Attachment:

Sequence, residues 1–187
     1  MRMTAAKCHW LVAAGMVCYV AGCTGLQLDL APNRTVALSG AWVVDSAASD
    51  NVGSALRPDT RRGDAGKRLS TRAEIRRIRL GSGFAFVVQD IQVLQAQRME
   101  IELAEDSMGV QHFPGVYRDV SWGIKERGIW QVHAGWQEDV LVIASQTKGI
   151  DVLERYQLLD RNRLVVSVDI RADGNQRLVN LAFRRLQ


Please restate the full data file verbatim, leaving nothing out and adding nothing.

Sequence, residues 1–187
     1  MRMTAAKCHW LVAAGMVCYV AGCTGLQLDL APNRTVALSG AWVVDSAASD
    51  NVGSALRPDT RRGDAGKRLS TRAEIRRIRL GSGFAFVVQD IQVLQAQRME
   101  IELAEDSMGV QHFPGVYRDV SWGIKERGIW QVHAGWQEDV LVIASQTKGI
   151  DVLERYQLLD RNRLVVSVDI RADGNQRLVN LAFRRLQ